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  • 4 years ago

Calculus II - Volume of Solids - Setup Question \[y = 4x-x^2\] \[y=2-x\] Let D be the region bound by the curves above. Setup an integral representing the volume of the solid obtained by revolving R about each of the following lines; a) the x-axis b) the line y=5 c) the line y = -1 d) the line x = -1 e) the line x = 3 I have worked all five using the "washer method" and would like to get some feedback on the answers; a) \[\pi \int\limits_{-1}^{2} (4-x^2)^2 - (2-x)^2 \] b) \[\pi \int\limits_{-1}^{2} (2-x)^2 - (5-(4-x^2))^2 \] c) \[\pi \int\limits_{-1}^{2} (2+x)^2 - (1+(4-x^2))^2 \]

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  1. anonymous
    • 4 years ago
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    d) \[\pi \int\limits_{-1}^{2} (2-x)^2 - (1+(4-x^2))^2 \] e) \[\pi \int\limits_{-1}^{2} (2-x)^2 - (3-(4-x^2))^2 \]

  2. amistre64
    • 4 years ago
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    dx's

  3. amistre64
    • 4 years ago
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    im assuming its the area bound by the intersection of these functions

  4. amistre64
    • 4 years ago
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    washer method you have to make sure your integrating and "adjusting" according to the axis of roataion as well

  5. amistre64
    • 4 years ago
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    a function viewed from the x axis doesnt look the same as a function viewed from the y axis; it becomes its inverse function

  6. anonymous
    • 4 years ago
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    Yes, bound by the intersection. Shoot, adjusting. I also tried this for D (shell method); d) \[2\pi \int\limits_{-1}^{2} (x+1)[(4-x^2)-(2-x)]\]

  7. anonymous
    • 4 years ago
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    So anytime I am rotating about the Y-axis I need to adjust my equations to be in terms of Y?

  8. anonymous
    • 4 years ago
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    Using the washer method, that is.

  9. amistre64
    • 4 years ago
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    adjust your equations according to axis and method of ...sheel, disc, washer etc

  10. amistre64
    • 4 years ago
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    |dw:1327958145327:dw|

  11. amistre64
    • 4 years ago
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    R = f(x) r = g(x) pi (R^2 - r^2) = washer area integrated with the x axis

  12. amistre64
    • 4 years ago
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    washer is just a double disc

  13. TuringTest
    • 4 years ago
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    I meant shell*

  14. TuringTest
    • 4 years ago
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    shell about x integrate w/respect to x disk about x integrate w/respect to y and vice-versa

  15. amistre64
    • 4 years ago
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    thats better :)

  16. amistre64
    • 4 years ago
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    and look into your function from the way the method is looking at it; if its a radius define it from the radial axis

  17. anonymous
    • 4 years ago
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    Ok, so if you rotate around y axis R = f(y) r = g(y)

  18. amistre64
    • 4 years ago
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    if its a heaight, define it from the base axis

  19. amistre64
    • 4 years ago
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    f-1(y) but yes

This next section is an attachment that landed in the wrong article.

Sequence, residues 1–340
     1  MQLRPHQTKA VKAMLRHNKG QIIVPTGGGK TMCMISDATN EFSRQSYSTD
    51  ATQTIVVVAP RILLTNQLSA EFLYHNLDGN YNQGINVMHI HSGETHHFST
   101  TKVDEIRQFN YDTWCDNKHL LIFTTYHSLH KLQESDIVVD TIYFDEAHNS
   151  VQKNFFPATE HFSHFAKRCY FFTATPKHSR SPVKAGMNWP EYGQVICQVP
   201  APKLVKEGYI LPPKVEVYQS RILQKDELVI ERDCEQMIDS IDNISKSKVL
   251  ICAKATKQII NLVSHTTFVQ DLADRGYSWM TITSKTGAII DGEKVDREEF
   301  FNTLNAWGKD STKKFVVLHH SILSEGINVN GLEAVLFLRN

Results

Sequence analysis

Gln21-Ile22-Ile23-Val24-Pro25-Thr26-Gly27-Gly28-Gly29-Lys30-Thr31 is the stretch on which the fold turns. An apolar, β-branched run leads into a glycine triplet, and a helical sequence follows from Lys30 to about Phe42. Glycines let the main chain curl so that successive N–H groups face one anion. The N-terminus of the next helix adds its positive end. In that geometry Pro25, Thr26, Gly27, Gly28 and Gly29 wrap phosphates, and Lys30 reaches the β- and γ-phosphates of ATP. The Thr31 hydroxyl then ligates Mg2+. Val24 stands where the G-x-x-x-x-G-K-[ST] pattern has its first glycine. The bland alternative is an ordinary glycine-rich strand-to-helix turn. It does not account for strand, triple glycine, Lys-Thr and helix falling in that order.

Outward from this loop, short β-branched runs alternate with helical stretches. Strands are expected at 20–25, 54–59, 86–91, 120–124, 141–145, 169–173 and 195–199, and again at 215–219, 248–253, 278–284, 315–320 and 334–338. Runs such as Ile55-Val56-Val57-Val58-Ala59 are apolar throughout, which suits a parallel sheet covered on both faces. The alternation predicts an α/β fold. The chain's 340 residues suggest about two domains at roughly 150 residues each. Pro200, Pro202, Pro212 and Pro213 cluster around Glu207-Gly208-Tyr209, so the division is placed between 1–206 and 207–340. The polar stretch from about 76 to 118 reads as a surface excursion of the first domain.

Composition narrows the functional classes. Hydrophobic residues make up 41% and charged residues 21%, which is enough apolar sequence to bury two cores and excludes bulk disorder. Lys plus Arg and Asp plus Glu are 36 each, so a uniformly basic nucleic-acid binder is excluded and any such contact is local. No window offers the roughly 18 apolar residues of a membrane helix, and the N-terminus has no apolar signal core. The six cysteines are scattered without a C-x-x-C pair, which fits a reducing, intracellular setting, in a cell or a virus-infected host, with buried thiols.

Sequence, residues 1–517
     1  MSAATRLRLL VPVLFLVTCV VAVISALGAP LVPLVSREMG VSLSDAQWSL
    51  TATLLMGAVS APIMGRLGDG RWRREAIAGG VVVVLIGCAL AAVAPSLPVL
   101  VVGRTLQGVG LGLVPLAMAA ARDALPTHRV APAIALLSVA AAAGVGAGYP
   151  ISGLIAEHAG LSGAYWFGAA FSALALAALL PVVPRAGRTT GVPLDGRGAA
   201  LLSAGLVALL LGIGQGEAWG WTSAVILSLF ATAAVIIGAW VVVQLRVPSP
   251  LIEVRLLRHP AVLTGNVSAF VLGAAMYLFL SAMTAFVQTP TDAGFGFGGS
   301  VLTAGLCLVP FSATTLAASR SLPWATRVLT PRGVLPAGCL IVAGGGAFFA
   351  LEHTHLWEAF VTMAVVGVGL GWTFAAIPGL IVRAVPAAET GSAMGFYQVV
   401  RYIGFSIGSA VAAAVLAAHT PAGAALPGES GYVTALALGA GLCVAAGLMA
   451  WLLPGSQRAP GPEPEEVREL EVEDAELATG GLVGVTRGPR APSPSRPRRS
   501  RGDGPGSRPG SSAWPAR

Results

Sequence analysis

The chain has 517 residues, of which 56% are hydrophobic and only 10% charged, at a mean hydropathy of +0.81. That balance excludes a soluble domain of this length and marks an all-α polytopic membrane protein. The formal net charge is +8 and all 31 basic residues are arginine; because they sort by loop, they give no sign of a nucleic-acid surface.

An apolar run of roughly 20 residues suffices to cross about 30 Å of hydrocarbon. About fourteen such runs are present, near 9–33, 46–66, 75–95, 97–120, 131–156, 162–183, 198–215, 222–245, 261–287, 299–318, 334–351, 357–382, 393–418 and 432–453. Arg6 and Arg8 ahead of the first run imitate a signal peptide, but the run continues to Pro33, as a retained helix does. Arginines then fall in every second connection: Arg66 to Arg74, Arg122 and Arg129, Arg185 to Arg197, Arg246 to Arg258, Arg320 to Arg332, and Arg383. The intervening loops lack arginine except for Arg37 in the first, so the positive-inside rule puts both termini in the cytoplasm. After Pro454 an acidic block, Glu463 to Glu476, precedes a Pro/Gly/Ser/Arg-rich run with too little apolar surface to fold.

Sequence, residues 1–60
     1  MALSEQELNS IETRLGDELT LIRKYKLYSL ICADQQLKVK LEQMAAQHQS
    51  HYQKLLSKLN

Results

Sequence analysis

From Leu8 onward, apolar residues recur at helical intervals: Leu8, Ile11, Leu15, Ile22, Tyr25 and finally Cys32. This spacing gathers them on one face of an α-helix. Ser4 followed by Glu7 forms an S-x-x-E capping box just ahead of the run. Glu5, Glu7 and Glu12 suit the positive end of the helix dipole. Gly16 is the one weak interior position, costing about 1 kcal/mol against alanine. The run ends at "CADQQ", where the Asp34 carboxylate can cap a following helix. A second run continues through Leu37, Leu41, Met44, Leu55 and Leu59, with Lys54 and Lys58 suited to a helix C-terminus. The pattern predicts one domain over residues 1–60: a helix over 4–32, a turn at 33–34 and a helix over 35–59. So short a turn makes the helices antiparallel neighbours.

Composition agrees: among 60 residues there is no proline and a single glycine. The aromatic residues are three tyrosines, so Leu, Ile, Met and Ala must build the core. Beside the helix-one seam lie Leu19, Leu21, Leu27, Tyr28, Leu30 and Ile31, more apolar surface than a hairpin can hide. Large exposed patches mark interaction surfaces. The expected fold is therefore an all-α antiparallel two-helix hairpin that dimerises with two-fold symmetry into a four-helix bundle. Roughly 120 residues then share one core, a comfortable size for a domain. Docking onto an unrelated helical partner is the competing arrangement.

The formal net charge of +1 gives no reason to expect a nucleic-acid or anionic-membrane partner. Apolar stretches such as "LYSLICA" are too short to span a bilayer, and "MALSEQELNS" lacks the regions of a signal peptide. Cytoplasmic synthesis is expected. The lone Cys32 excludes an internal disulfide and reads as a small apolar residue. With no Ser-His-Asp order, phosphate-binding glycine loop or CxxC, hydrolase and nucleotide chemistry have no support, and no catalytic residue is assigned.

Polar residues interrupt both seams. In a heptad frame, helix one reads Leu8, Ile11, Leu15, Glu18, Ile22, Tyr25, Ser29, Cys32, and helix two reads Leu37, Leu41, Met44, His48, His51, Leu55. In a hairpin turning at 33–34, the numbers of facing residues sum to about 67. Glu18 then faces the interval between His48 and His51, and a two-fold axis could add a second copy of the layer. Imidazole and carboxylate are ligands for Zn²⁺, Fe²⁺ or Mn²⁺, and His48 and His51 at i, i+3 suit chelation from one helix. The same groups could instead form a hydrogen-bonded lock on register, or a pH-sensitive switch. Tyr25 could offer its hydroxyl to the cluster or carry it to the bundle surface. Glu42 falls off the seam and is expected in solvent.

20. amistre64
    • 4 years ago
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    inverse when you are looking at it from the other axis that the equation is defined for

  21. amistre64
    • 4 years ago
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    y=x^2 looking at it from the yaxis is x=sqrt(y)

  22. amistre64
    • 4 years ago
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    |dw:1327958415125:dw|

  23. anonymous
    • 4 years ago
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    So I am assuming A is correct, but for B; \[\pi \int\limits_{-1}^{2}(y-2)^2 - (5-(\sqrt(4-y)))^2\] ?

  24. amistre64
    • 4 years ago
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    dont forget the dy if thats the case

  25. anonymous
    • 4 years ago
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    But tacking a dy onto the end its correct? :)

  26. amistre64
    • 4 years ago
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    y=4x−x^2 y=2−x ---------- -2+5x-x^2 = 0 x^2 -5x +2 = 0 x = 5/2 +- sqrt(17)/2 you sure your intercepts are right? Let D be the region bound by the curves above. Setup an integral representing the volume of the solid obtained by revolving R about each of the following lines; a) the x-axis

  27. amistre64
    • 4 years ago
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    http://www.wolframalpha.com/input/?i=4x%E2%88%92x%5E2%3D2-x

  28. anonymous
    • 4 years ago
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    We're actually given a picture to go along with the assignment; |dw:1327958708347:dw|

  29. amistre64
    • 4 years ago
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    that picture doesnt match your equations that you posted

  30. anonymous
    • 4 years ago
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    Ugh. I attached an X. y = 4 + x^2 Really sorry about that, but it shouldn't have effected much other then making everything wrong :)

  31. amistre64
    • 4 years ago
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    lol, its right everywhere except where its wrong :)

  32. anonymous
    • 4 years ago
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    Hahah

  33. amistre64
    • 4 years ago
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    better, -1,3 and 2,0 are going to be our "limits" or at least we can keep them in mind

  34. amistre64
    • 4 years ago
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    you want washer rotate about the x axis for a \[\pi\int_{-1}^{2}\ (4-x^2)^2-(2-x)^2 dx\] do you know what happens when you get the top and bottom in the wrong place?

  35. anonymous
    • 4 years ago
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    Negative answer?

  36. amistre64
    • 4 years ago
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    yep, so does position matter too much?